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Bimala Charan Rudra Vs. Abdul Rahaman Dalal and ors. - Court Judgment

LegalCrystal Citation
Subject Property
CourtKolkata
Decided On
Reported inAIR1928Cal825,114Ind.Cas.81
AppellantBimala Charan Rudra
RespondentAbdul Rahaman Dalal and ors.
Excerpt:
- .....and that the plaintiff had acquired no title under his kobala which was not a bona fide deed. the learned subordinate judge's ground for holding that the deed which expressly states that it is a mortgage by way of conditional sale is an out-and-out sale, is that the word 'bikrita' which means 'sold' had been written in one part of the document and had been penned through prior to registration. from the fact that the word 'bikrita' had been written in the document even though it had been penned through, the learned subordinate judge thought himself justified in saying that the transaction was an out-and-out sale. the learned subordinate judge has also treated as good evidence, with regard to the intention of the parties, various statements made by witnesses on the side of the defendants......
Judgment:

1. This appeal is by the plaintiff in a suit for redemption of a mortgage bond by way of conditional sale. The mortgage was executed on 23rd November 1905 by one Ananda Chandra De, and the plaintiff has acquired Ananda's interest under a kobala. The first Court decreed the plaintiff's suit, ordering that the plaintiff shall recover possession on payment into Court within seven days of the decree the sum of Rs. 700 which is the amount for which the property was mortgaged. The Court of appeal below reversed the decree of the first Court. Its findings were that the transaction was not a mortgage but an out-and-out sale, and that the plaintiff had acquired no title under his kobala which was not a bona fide deed. The learned Subordinate Judge's ground for holding that the deed which expressly states that it is a mortgage by way of conditional sale is an out-and-out sale, is that the word 'bikrita' which means 'sold' had been written in one part of the document and had been penned through prior to registration. From the fact that the word 'bikrita' had been written in the document even though it had been penned through, the learned Subordinate Judge thought himself justified in saying that the transaction was an out-and-out sale. The learned Subordinate Judge has also treated as good evidence, with regard to the intention of the parties, various statements made by witnesses on the side of the defendants. The learned Subordinate Judge was clearly in error in admitting evidence on the question of the intention of the parties when that intention is clearly expressed in the deed. The finding by the learned Subordinate Judge that the plaintiff had acquired no title and that his deed is not bona fide is not based on anything more than his finding immediately above to the effect that he is not satisfied that the plaintiff had paid anything to Ananda. It is perfectly immaterial whether the plaintiff had paid anything to Ananda or not. It is open to Ananda to make a gift to the plaintiff if he so chose, and the plaintiff is Ananda'a grandson-in-law.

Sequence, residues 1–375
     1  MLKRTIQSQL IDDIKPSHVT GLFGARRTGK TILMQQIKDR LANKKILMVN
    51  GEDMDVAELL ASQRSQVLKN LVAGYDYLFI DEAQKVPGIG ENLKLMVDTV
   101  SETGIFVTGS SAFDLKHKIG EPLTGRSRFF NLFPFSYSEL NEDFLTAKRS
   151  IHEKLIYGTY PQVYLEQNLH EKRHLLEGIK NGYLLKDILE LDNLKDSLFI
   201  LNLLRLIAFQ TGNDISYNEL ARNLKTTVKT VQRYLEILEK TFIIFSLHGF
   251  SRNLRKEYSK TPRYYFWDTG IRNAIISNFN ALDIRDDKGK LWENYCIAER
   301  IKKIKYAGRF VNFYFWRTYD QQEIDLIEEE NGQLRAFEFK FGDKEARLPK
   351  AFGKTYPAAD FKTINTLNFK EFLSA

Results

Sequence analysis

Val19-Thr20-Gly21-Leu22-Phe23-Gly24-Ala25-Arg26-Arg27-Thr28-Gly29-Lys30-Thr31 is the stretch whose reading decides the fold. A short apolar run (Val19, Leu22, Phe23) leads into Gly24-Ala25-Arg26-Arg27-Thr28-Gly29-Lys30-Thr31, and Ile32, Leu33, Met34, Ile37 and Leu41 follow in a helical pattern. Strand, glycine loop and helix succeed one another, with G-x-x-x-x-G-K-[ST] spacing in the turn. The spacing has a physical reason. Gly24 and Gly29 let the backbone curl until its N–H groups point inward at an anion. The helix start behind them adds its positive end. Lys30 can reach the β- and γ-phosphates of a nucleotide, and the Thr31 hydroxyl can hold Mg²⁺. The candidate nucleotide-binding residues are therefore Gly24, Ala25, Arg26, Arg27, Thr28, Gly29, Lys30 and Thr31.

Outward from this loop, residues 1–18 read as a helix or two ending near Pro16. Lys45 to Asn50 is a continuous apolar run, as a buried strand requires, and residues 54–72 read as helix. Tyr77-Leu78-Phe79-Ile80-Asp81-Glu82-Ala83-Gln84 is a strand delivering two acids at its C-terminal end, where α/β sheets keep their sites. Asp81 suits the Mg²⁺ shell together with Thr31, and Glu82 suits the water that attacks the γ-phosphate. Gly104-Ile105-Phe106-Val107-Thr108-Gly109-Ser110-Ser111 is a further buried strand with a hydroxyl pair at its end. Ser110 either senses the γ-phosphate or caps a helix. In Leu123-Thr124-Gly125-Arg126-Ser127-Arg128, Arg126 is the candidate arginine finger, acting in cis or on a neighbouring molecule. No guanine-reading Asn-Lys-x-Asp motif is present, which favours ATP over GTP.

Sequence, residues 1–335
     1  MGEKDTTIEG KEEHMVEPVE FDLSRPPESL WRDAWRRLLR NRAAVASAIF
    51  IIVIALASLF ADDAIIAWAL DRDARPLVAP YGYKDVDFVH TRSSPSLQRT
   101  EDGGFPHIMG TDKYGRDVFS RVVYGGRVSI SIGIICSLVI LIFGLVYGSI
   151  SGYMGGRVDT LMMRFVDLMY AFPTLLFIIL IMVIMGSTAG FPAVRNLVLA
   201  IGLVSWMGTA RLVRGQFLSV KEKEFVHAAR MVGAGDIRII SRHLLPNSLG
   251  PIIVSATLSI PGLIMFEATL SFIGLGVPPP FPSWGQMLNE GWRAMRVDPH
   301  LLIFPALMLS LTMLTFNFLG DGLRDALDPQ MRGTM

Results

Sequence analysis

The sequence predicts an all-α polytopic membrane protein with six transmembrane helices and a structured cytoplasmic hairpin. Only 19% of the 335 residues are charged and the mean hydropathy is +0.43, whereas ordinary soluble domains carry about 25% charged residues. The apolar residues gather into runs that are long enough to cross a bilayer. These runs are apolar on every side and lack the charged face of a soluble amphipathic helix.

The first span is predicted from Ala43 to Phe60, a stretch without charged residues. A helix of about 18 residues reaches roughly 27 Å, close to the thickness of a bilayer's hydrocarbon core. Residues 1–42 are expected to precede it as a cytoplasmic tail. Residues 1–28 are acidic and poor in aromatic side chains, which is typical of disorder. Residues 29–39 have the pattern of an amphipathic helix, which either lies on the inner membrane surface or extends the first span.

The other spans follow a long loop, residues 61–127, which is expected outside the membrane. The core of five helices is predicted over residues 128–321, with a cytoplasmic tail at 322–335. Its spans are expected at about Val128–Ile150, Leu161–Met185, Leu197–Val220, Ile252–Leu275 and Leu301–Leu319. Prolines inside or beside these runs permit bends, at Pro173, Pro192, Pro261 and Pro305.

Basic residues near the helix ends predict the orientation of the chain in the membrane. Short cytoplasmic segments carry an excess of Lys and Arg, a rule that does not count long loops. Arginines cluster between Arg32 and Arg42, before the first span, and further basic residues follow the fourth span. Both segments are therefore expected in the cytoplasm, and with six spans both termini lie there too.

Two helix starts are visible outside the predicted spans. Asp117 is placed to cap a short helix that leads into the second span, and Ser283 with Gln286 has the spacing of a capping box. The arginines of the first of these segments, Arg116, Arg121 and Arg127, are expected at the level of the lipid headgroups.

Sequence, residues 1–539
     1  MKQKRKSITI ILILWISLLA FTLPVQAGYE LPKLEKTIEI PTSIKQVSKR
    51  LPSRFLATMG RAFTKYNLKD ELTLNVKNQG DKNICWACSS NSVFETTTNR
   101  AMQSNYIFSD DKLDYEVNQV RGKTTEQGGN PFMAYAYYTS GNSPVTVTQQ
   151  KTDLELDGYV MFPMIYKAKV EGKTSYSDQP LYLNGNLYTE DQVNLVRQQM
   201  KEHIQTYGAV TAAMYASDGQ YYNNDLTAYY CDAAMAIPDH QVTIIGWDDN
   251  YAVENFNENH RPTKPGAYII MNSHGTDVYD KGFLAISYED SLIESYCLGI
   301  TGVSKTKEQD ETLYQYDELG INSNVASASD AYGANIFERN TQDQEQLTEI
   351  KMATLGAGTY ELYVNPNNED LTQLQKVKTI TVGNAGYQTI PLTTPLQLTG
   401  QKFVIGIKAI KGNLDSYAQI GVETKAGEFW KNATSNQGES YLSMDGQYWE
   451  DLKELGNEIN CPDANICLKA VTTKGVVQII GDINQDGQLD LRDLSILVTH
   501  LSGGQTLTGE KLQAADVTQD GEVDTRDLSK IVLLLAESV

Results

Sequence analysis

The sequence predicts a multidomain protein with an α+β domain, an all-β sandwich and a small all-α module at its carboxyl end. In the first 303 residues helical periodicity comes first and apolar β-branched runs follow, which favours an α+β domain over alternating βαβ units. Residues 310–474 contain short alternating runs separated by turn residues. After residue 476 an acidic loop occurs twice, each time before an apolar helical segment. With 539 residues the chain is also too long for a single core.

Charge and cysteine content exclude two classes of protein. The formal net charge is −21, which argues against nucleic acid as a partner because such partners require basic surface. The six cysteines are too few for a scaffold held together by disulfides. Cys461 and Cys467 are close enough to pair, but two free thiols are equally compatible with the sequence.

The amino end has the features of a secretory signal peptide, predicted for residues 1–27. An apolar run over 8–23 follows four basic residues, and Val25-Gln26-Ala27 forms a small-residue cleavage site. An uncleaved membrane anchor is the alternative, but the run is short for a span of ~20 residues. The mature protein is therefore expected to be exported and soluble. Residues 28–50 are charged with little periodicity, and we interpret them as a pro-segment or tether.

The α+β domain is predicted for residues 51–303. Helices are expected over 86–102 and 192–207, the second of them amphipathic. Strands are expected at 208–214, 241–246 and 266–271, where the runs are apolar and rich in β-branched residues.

2. It has also been urged on behalf of the respondents that there are two other grounds on which the judgment of the learned Subordinate Judge may be supported. It is contended that according to the term3 of the deed executed by Ananda, the mortgage should be turned into an out-and-out sale on the expiry of six years from the date of the execution of the deed. Such a clause in the mortgage is to be expected in a mortgage by way of conditional sale. In fact if reference is made to Section 58, T.P. Act, it will be found that it is when such a clause exists in the deed or when such other clauses there mentioned, with which we are not concerned, exist that the transaction is a mortgage by way of conditional sale. It has also been urged that on the expiry of six years the mortgagee defendant executed the kabuliyat in favour of the landlord, the date of that kabuliyat being a little over 12 years prior to the institution of the suit. The contention is that the mortgagee by executing a kabuliyat dispossessed the mortgagor and acquired title by adverse possession for more than 12 years. There is no force whatever in this contention. The mortgagee could not dispossess the mortgagor.

3. The appeal is, therefore, allowed, the judgment and decree of the learned Subordinate Judge are set aside and those of the Munsif are restored with costs in this Court and in the Court of appeal below.


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